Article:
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of stone, on every one of which is an inscription, encircled by a garland of laurel.' The interior side of the walls themselves is so closely covered (tappezzate) with Greek inscriptions, that he thinks one might find all the annals of this city registered on it. He accuses Bruce of a want of veracity or of ignorantly mistaking one city for another, in saying that he found nothing at Arsinoe,' (Teuchira,) and that the walls and gates of Ptolemata are still entire;' whereas (our traveller adds) Arsinoe abounds in fragments of antiquity, while not a trace of either wall or gate is visible at Ptolemata : he admits, however, that the ruins of this city are prodigious, and of a more majestic character than any which he had yet seen; among the rest he notices an immense tower, raised upon a rock, and built of huge square stones, which goes under the name of the Tomb of the Ptolenies. In most of the buildings of Cyrenaica, he says, the Greek style had evidently been adopted upon an Egyptian foundation, but here (in Ptolemata) every thing appeared to be pure Egyptian. As he describes no one object, however, so as to enable us to convey a distinct and intelligible idea of it to the reader, and we have nothing but an endless and unprofitable repetition of ruins upon ruins, we will here close our account of them.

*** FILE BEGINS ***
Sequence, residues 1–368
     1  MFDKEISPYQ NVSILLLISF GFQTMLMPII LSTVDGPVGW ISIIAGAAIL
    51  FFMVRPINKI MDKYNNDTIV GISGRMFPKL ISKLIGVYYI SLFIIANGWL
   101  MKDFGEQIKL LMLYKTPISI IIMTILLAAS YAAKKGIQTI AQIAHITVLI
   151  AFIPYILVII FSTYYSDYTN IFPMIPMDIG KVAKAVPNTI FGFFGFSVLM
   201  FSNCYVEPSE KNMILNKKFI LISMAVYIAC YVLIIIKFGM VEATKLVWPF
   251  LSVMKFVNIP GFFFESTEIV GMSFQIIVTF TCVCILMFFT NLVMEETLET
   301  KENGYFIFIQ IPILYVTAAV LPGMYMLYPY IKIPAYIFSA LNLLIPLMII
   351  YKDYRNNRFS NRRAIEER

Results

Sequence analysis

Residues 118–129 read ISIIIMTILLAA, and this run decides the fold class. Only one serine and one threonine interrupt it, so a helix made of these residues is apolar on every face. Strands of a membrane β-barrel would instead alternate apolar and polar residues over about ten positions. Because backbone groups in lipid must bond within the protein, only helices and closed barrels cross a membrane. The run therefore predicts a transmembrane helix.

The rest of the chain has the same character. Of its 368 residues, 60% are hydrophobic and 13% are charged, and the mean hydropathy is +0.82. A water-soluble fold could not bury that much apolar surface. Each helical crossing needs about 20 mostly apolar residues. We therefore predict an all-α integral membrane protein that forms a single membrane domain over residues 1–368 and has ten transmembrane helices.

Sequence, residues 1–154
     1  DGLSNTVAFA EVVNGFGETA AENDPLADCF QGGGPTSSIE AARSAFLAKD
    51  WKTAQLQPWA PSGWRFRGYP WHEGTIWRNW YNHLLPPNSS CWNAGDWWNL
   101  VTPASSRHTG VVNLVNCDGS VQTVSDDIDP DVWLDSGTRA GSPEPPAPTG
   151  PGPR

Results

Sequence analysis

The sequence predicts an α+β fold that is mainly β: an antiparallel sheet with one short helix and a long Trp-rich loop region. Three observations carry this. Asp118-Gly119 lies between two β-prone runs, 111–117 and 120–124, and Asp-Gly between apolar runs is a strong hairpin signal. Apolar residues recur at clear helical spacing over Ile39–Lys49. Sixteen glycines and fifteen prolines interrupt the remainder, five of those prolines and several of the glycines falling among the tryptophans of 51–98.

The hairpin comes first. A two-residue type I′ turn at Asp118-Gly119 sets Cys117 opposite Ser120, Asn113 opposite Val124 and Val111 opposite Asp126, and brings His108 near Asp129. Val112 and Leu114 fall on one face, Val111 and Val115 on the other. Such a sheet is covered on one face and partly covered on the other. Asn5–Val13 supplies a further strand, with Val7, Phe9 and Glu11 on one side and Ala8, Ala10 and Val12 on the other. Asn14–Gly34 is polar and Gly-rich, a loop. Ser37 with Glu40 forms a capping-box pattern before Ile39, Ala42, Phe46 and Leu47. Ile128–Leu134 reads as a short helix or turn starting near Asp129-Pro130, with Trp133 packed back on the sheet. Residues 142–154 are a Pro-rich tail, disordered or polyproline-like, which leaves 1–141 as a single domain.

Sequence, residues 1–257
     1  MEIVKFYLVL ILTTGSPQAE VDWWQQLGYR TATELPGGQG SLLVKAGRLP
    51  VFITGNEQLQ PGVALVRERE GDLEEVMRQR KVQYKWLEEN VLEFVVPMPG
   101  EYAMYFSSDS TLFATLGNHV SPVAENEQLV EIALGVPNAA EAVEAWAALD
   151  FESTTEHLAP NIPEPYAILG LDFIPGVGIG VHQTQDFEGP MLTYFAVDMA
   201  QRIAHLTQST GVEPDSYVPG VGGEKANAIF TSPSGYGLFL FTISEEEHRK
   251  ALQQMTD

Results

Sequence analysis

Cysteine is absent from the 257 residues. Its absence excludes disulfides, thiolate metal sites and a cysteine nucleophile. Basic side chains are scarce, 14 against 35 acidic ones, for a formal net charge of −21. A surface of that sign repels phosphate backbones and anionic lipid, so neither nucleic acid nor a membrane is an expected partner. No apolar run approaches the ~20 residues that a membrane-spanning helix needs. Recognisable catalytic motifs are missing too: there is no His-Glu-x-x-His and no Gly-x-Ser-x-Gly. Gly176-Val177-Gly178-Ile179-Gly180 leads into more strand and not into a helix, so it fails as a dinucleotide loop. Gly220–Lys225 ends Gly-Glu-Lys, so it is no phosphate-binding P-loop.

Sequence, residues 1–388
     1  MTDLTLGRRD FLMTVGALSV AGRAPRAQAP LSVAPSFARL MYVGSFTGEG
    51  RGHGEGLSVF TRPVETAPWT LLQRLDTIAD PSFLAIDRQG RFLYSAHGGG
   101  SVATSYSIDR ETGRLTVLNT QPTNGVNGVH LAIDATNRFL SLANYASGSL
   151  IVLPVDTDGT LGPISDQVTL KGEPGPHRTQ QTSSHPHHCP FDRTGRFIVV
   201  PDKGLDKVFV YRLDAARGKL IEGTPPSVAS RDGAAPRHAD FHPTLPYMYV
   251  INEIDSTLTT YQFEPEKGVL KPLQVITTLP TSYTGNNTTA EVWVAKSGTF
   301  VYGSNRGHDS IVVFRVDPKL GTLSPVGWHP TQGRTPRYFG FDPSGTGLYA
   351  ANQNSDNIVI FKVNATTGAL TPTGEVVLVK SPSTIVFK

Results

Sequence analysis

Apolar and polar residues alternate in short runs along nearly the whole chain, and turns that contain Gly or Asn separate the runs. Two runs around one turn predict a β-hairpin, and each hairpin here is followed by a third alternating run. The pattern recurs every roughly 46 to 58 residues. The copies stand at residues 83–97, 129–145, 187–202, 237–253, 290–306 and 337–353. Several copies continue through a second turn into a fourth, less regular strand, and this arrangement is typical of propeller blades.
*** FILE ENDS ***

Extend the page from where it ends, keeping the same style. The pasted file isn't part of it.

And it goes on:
And would we could here also close our account of Signor Della-Cella's expedition! But we have a dreadful tale to tell, which he has considerately reserved for the conclusion of his adventures; and must therefore intreat the reader to return with us to Bengazi, where we left the Bey in his triumphant route to Tripoli. At the conclusion of the fast of Ramadan, during which he and his ruthless followers slept all day, and committed all manner of debaucheries through the night, the scattered tribe of Zoasi were collecting round the city, to witness, by invitation, the distribution of the Red Bernous (the robe of ceremony) to their chiefs, by order, as it had been given out, of the Bashaw of Tripoli, as a test of conciliation, and in acknowledgment of their good conduct on the present expedition : at the same time it was stated, that the twenty-two hostages dispatched from Derna to